This work focuses on the symmetric alpha stable process with continuous time frequently used in modeling the signal with indefinitely growing variance, often observed with an unknown additive error. The objective of this paper is to estimate this error from discrete observations of the signal. For that, we propose a method based on the smoothing of the observations via Jackson polynomial kernel and taking into account the width of the interval where the spectral density is non-zero. This technique allows avoiding the “Aliasing phenomenon” encountered when the estimation is made from the discrete observations of a process with continuous time. We have studied the convergence rate of the estimator and have shown that the convergence rate improves in the case where the spectral density is zero at the origin. Thus, we set up an estimator of the additive error that can be subtracted for approaching the original signal without error.

Keywords: Spectral density, stable processes, aliasing, p-adic.

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14 Investigation of Short Time Scale Variation of Solar Radiation Spectrum in UV, PAR, and NIR Bands due to Atmospheric Aerosol and Water Vapor

Authors: Jackson H. W. Chang, Jedol Dayou, Justin Sentian

Abstract:

Long terms variation of solar insolation had been widely studied. However, its parallel observations in short time scale is rather lacking. This paper aims to investigate the short time scale evolution of solar radiation spectrum (UV, PAR, and NIR bands) due to atmospheric aerosols and water vapors. A total of 25 days of global and diffused solar spectrum ranges from air mass 2 to 6 were collected using ground-based spectrometer with shadowband technique. The result shows that variation of solar radiation is the least in UV fraction, followed by PAR and the most in NIR. Broader variations in PAR and NIR are associated with the short time scale fluctuations of aerosol and water vapors. The corresponding daily evolution of UV, PAR, and NIR fractions implies that aerosol and water vapors variation could also be responsible for the deviation pattern in the Langley-plot analysis.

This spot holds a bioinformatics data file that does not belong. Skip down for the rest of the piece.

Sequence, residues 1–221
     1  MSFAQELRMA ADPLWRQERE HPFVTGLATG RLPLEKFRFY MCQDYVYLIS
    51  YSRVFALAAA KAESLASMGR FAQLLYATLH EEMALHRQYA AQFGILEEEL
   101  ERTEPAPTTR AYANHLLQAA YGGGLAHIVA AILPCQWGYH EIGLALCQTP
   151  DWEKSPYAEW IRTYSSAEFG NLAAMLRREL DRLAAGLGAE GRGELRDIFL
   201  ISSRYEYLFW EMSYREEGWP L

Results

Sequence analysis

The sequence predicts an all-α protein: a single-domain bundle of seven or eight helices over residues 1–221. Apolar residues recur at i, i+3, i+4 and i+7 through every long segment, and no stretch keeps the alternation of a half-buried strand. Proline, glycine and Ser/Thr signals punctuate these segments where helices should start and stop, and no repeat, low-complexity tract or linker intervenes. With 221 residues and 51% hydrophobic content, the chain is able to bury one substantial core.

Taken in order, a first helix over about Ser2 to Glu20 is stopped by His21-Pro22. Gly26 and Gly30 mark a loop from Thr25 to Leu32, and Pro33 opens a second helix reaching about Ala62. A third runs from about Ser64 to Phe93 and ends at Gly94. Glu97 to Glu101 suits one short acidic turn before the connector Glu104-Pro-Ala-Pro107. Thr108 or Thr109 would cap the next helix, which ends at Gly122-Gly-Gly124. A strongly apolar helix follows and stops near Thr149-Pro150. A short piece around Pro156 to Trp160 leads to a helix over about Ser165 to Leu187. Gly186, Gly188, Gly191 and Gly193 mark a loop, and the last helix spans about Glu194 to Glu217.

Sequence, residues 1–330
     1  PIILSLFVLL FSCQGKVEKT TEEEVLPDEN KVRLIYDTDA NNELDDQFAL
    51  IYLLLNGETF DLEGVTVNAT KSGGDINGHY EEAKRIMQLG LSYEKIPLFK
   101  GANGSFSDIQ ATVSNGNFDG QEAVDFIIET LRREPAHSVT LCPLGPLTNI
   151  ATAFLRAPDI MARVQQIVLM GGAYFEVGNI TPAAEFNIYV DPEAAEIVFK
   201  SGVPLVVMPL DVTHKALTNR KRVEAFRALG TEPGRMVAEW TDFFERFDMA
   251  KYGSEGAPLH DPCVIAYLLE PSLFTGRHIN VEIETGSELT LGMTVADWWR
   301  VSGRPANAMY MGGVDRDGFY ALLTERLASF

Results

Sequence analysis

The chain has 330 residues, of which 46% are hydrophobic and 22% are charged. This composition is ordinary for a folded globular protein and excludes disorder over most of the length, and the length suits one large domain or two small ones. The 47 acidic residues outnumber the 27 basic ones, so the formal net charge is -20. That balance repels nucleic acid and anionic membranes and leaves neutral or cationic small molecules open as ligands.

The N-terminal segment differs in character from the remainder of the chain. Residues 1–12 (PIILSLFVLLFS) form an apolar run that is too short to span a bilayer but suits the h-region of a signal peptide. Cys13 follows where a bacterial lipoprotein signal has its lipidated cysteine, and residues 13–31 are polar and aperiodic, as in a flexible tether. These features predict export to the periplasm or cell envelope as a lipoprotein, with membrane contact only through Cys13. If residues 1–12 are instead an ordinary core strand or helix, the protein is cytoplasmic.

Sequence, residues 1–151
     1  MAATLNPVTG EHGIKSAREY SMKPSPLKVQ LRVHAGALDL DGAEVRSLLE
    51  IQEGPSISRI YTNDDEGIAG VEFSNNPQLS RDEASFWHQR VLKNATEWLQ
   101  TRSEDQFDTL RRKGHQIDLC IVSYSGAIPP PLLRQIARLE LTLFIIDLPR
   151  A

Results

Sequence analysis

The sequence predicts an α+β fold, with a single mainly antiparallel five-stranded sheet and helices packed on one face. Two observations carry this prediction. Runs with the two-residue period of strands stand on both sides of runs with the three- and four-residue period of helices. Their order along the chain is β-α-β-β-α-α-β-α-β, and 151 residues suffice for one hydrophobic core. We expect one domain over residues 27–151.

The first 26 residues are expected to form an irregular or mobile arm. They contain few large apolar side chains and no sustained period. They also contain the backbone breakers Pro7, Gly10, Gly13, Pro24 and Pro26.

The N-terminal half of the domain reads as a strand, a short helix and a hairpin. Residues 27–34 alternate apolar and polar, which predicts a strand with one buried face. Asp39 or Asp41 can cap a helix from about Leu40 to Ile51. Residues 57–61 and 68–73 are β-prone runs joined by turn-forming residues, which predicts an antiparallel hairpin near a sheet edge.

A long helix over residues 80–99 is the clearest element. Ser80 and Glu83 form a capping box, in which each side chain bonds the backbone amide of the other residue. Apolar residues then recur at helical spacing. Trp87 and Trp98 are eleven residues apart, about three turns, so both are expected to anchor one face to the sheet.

Keywords: Aerosol, short time scale variation, solar radiation, water vapor.

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13 A Bayesian Hierarchical 13COBT to Correct Estimates Associated with a Delayed Gastric Emptying

Authors: Leslie J.C.Bluck, Sarah J.Jackson, Georgios Vlasakakis, Adrian Mander

Abstract:

The use of a Bayesian Hierarchical Model (BHM) to interpret breath measurements obtained during a 13C Octanoic Breath Test (13COBT) is demonstrated. The statistical analysis was implemented using WinBUGS, a commercially available computer package for Bayesian inference. A hierarchical setting was adopted where poorly defined parameters associated with a delayed Gastric Emptying (GE) were able to "borrow" strength from global distributions. This is proved to be a sufficient tool to correct model's failures and data inconsistencies apparent in conventional analyses employing a Non-linear least squares technique (NLS). Direct comparison of two parameters describing gastric emptying ng ( tlag -lag phase, t1/ 2 -half emptying time) revealed a strong correlation between the two methods. Despite our large dataset ( n = 164 ), Bayesian modeling was fast and provided a successful fitting for all subjects. On the contrary, NLS failed to return acceptable estimates in cases where GE was delayed.